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Year : 2018  |  Volume : 5  |  Issue : 2  |  Page : 143-145

Generalized eruptive histiocytosis in a child: A rare entity

Department of Dermatology, Malda Medical College and Hospital, Malda, West Bengal, India

Date of Web Publication19-Dec-2018

Correspondence Address:
Dr. Chinmay Kar
Department of Dermatology, Malda Medical College and Hospital, Malda, West Bengal
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Source of Support: None, Conflict of Interest: None

DOI: 10.4103/ijdpdd.ijdpdd_1_18

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How to cite this article:
Kar C, Biswas R, Banerjee S, Sarkar P, Shome K, Das KD. Generalized eruptive histiocytosis in a child: A rare entity. Indian J Dermatopathol Diagn Dermatol 2018;5:143-5

How to cite this URL:
Kar C, Biswas R, Banerjee S, Sarkar P, Shome K, Das KD. Generalized eruptive histiocytosis in a child: A rare entity. Indian J Dermatopathol Diagn Dermatol [serial online] 2018 [cited 2020 Oct 31];5:143-5. Available from: https://www.ijdpdd.com/text.asp?2018/5/2/143/247862


The histiocytoses are the accumulation of reactive or neoplastic histiocytes in various tissues. Among these, non-Langerhans cell histiocytosis (non-LCH) is a broad group of disorders characterized by proliferation of histiocytes other than Langerhans cell. In non-LCH, generalized eruptive histiocytosis (GEH), first described by Winkelmann and Muller, is a rare histiocytic tumor.[1] It is mostly found in adults; childhood GEH accounts for one-fourth of the cases.[2] Here, we report a case of childhood GEH.

A 6-year-old girl presented with numerous small papules over face, axillae, and trunk in bilaterally symmetrical fashion for 3 years [Figure 1] and [Figure 2]. The lesions were asymptomatic and appeared in crops in several successions. With progression of time, a few lesions subsided with postinflammatory hyperpigmentation. The older lesions were larger in size than younger ones. The mucous membranes, palms, and soles were not involved. There was no history of any bronchial asthma, arthritis, malignancy, or drug intake of long duration. There was no family history of similar disease. Her developmental milestones were normal. On examination, the papules were discrete, 2–8 mm in size, dome shaped, smoothed surface, flesh-colored, and firm in consistency. There was no abnormality in routine blood count, lipid profile, thyroid screening, IgE level, and routine urinalysis. The abdominal ultrasonography was normal. Punch biopsy from axillary region for histopathological examination (HPE) revealed normal epidermis, Grenz zone, and collection of monomorphous histiocytes with lymphocytes in upper- and mid-dermis [Figure 3]. A few multinucleated giant cells were also found in the tumor tissue [Figure 4] and [Figure 5]. The immunohistochemistry (IHC) of tumor tissue showed strong reactivity (51%–75% cells) to CD68 [Figure 6], low reactivity (1%–25% cells) to S-100 marker [Figure 7], and nonreactivity to CD1a marker. The clinical and histopathological features and IHC suggested the diagnosis of GEH.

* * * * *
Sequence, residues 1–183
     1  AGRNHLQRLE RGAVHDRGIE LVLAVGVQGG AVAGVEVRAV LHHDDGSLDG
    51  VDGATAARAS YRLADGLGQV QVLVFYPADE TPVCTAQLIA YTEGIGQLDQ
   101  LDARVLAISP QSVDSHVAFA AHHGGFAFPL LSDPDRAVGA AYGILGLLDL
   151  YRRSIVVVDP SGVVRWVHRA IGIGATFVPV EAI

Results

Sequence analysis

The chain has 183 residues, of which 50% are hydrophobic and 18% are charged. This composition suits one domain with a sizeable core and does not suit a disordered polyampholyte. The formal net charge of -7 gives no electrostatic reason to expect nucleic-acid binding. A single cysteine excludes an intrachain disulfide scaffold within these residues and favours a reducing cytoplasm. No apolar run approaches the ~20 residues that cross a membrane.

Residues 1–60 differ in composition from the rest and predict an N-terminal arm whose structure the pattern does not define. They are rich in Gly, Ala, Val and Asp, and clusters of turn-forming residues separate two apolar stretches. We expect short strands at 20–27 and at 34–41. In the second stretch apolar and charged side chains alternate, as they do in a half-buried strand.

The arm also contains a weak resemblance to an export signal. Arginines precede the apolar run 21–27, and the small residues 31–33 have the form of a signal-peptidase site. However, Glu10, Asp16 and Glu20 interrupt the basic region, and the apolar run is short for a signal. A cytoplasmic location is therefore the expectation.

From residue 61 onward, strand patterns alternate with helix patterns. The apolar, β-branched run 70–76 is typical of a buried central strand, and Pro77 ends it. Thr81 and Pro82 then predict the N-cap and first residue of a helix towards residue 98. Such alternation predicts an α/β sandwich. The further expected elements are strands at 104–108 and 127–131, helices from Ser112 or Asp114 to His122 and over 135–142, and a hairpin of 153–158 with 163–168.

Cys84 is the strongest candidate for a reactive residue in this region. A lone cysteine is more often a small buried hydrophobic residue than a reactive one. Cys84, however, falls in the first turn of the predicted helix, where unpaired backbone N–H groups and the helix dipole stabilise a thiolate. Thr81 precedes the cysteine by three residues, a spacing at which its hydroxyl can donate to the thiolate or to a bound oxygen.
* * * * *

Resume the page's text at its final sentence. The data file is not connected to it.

Figure 1: Papular lesions in face

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Figure 2: Papular lesions over the left axilla and surrounding

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Figure 3: Histopathological examination shows normal epidermis, grenz zone, and collection of cells in upper- and mid-dermis (H and E, ×8)

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Figure 4: Histopathological examination reveals monomorphous histiocytes, lymphocytes, and a few multinucleated giant cells in the tumor tissue (H and E, ×40)